Metal-embedding method helps tiny sensors function in extreme environments

May 4, 2006

University of Wisconsin-Madison mechanical engineers have developed a method for fabricating "packages" of tiny sensors that measure temperature more accurately than bulk thermocouples. Inserted unobtrusively in critical locations, these metal-embedded micro-thin film thermocouples could more effectively monitor conditions and diagnose problems during manufacturing processes such as injection-molding or die-casting.

Monitoring and controlling temperature is critical to a variety of applications, including manufacturing, automotive, aeronautics and aerospace. Sensors detect and solve problems that occur in these environments, resulting in less damage to tools, down time for machine maintenance and repair, energy consumption and product waste, says Xiaochun Li, an assistant professor of mechanical engineering.

In the United States, for example, continuous casting produces more than 100 million tons of steel each year, and many of the problems that occur during this process arise during the initial solidification at the meniscus, or the interface between the top surface of steel and the mold, he says. Higher and more variable meniscus heat flux leads to more defects, while thermal stress could lead to cracks in the mold surface at the meniscus.

"Direct measurement of temperature and strain in the mold coating layer would greatly improve our understanding of factors that control mold life," says Li. "Even a modest production improvement — for example, $10 per ton — can save $1 billion per year."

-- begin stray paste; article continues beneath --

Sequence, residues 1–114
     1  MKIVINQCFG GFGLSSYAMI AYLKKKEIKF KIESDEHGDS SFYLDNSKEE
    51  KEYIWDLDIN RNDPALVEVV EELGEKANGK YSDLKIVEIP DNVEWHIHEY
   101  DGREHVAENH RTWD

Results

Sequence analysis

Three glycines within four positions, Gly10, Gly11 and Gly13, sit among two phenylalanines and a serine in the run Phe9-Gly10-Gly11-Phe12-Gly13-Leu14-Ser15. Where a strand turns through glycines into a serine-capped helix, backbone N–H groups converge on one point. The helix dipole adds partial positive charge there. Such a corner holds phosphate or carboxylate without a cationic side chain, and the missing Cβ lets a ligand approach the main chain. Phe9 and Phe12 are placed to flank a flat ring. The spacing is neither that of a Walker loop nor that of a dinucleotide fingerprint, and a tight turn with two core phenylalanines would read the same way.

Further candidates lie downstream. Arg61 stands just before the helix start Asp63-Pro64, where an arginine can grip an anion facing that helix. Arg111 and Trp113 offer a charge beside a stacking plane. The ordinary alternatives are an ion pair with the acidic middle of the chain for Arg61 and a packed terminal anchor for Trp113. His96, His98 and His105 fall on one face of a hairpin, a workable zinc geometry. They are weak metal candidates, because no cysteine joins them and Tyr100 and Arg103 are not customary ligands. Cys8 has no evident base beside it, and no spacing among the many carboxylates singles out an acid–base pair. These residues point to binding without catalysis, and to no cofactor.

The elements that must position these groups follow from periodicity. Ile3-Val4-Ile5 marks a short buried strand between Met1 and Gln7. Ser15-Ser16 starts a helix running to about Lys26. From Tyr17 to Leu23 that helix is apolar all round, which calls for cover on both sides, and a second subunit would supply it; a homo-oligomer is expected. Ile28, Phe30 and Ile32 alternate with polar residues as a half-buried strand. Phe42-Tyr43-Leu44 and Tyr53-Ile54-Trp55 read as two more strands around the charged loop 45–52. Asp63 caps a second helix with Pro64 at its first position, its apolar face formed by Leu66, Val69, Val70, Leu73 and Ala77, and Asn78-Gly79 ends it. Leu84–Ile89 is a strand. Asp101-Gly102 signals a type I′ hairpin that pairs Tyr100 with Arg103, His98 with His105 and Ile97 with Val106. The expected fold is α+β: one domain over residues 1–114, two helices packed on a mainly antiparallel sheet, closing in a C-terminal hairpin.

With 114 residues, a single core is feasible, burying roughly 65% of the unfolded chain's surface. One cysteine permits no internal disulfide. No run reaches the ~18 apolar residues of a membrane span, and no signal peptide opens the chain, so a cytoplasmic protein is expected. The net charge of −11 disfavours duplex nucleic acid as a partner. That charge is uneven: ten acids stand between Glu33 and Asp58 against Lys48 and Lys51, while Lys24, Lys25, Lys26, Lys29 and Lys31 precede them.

Li is one of four authors of a paper in the May Journal of Micromechanics and Microengineering that describes how they fabricated an array of metal-embedded micro thin film sensors — a process that protects the sensors from oxidation, chemical corrosion, wear, contamination and other factors.

Currently, in a manufacturing environment most temperature sensors are bulk thermocouples that occupy a large volume in a tool or machine. They are attached either to the surface of components, where they might be far from where the machine meets the product (to avoid interfering with machine operation), or destructively inserted into critical locations, making it difficult to gather accurate temperature measurements across those locations.

In addition, the conventional thermocouples have crude junction definition and respond slowly to changing temperatures, says Li.

Recent technological advances have made micro thin film thermocouples, with thicknesses on the order of 100 nanometers, a better alternative to much larger bulk thermocouples.

"Owing to their small sizes, distributed micro thin film sensors could be incorporated into manufacturing tooling systems, particularly dies, molds and inserts for die casting; and stamping, forging and injection molding, without interfering with normal operations," says Li. "Their small size also enables these sensors to respond to changes much quicker than ordinary macro sensors."